i am also very troubled by these repeated acts of mass violence on school campuses - what does it signify about the culture of academics, the character of university life that these acts of violence occur not against those who ostensibly have power to direct american economic/political life but against students, we who are learning the ways of the world and sustaining them? thoughts...

Anonymous said...

two points:
1) why do you read a racial undertone into Levin's letter? it was sent (to VA Tech) before the killer's identity was public knowledge.
2) to naima's and manteca's post: he was clearly mentally ill -- his struggle was not just social, it was medical and biological. while being radically suicidal certainly has environmental factors, that sort of chronic depression has chemical origin. to say that he was a victim of his socio-ethnic-economic circumstance or, as naima said, "his unique positioning in society" is both to imply that everyone in his position (being lower-income or first generation) is potentially liable to snap, and to discount the traumatic reality of mental illness. Implying that depression is something society inflicts on you is to imply that depression is somehow your fault for not being able to cope; that's not true. while he had agency in murdering people, he didn't have agency in being sick.

Amy said...

I really didn't read any racial bias into Levin's letter. while it borrows neo-con language, I think more accurately it was a statement that killers have a different concept about the value of life that the rest of us, regardless of nationality or ethnicity.

However, I am disturbed by the headlines that seem to deny that that Cho was also a person who died on Monday. If I give newspapers the benefit of doubt I would suggest that it is newsworthy that the gunman died, and it has a different meaning than the other victims. but that is a big "if".

Naima said...

mental illness is surely traumatic and i would not argue that it is a medical and biological condition. nonetheless, a few notes anonymous:

studies have shown that poverty is a major risk factor for major depressive disorder.

different cultures perceive mental illness differently: depending on one's background, one runs a different risk of being stigmatized for a condition. this affects the rates at which people of different backgrounds seek the professional and medical help they may need. of course, economic resources also play a factor in whether one is able to acquire professional help.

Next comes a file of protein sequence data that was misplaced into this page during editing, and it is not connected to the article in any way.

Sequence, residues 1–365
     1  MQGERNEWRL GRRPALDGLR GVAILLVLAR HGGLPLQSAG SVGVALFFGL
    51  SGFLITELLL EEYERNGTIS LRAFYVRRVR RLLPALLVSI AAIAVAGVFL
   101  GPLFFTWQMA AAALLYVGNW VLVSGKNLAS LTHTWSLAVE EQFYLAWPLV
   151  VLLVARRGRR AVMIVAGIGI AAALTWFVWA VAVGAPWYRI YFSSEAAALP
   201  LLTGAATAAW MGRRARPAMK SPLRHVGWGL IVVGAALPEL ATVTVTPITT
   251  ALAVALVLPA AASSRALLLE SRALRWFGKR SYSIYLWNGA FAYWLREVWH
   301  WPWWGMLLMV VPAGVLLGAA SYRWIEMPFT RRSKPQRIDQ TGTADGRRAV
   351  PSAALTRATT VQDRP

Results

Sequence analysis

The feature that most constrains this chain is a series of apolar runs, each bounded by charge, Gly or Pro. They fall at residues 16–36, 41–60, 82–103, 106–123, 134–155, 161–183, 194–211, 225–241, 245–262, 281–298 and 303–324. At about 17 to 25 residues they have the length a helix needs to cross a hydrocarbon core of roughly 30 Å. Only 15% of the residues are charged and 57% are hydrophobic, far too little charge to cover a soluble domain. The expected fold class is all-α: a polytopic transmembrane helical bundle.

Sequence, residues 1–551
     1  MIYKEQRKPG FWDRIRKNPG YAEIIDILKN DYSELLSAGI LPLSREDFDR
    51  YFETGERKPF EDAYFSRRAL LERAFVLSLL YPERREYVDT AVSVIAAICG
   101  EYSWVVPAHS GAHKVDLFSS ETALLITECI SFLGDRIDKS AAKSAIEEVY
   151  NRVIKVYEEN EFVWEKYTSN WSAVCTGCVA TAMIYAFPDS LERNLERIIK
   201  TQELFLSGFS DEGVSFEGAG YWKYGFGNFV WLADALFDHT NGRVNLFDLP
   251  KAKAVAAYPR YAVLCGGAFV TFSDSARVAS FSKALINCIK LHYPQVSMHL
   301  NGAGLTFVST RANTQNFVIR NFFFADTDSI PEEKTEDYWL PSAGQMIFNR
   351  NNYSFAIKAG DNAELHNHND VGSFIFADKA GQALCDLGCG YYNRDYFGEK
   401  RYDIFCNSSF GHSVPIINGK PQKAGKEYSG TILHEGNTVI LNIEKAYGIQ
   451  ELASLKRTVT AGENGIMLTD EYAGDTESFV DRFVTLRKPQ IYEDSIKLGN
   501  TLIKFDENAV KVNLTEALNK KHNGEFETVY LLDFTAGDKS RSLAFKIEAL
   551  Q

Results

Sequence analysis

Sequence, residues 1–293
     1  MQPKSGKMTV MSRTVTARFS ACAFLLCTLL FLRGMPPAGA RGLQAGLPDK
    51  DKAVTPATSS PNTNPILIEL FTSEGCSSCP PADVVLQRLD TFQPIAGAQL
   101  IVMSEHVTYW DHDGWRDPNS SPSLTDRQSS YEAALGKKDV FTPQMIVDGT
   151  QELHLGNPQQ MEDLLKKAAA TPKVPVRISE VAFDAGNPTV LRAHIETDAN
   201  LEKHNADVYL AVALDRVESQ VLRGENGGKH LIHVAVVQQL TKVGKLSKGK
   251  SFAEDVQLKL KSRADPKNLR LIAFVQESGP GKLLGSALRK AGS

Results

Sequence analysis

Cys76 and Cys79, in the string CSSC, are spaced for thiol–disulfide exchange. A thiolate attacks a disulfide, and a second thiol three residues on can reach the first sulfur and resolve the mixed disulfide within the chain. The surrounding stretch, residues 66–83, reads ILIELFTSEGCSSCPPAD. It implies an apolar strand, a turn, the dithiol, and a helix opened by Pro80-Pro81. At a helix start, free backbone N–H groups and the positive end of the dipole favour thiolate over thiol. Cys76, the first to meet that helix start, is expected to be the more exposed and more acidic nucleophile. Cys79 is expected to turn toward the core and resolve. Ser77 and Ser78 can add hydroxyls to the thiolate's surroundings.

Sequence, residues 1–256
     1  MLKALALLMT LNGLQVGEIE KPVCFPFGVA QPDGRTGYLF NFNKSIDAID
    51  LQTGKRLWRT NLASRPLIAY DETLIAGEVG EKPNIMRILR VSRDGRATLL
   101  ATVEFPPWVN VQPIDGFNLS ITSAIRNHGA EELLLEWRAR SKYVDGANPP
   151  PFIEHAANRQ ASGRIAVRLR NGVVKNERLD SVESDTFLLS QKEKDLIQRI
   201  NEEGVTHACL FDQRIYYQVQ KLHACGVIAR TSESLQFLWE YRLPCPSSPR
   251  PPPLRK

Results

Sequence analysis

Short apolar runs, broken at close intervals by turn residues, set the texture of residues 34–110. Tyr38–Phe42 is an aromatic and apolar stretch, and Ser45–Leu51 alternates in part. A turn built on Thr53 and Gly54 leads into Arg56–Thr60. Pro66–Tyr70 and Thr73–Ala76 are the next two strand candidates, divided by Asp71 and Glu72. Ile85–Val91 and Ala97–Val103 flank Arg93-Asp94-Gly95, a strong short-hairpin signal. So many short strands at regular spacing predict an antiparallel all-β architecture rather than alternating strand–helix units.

and finally, i believe factors such as greater health burdens amongst minority groups are said to be reasons why "major depression and factors associated with depression were more frequent among members of minority groups than among whites."

http://www.ncbi.nlm.nih.gov/entrez/query.fcgi?itool=abstractplus&db=pubmed&cmd=Retrieve&dopt=abstractplus&list_uids=14600071

i will not suggest the ways in which these couple of truths may or may not directly apply to Cho's life. however, i think they are helpful in considering how depression is not a condition that exists and is not disengaged from one's economic, social, and familial experiences.

Joel said...

I think that taking the latter half of the sentence without the first half is taking it out of context. "Those of us in universities feel most especially the fragility of our communities..." I think this part is particularly important to keep in mind before delving into the other half of the sentence, "...and their vulnerability to those who do not live by our values of civility and respect for others." Most universities tend to be pretty liberal places of mutual respect and tolerance. When I read the phrase "our values", the values of the academic community are what immediately came to mind for me. Heartlessly murdering 32 people as a social critique is simply not one of them. It's not along the same lines, but I object to the classification the shooter as a foreigner. I know that technically he is and maybe his depression and frustration stemmed from his family's immigrant struggle in the U.S., but he lived here for over 10 years. I think the media, not President Levin, is hyperbolizing this point to evoke American nationalism and perpetuate ignorance and hatred.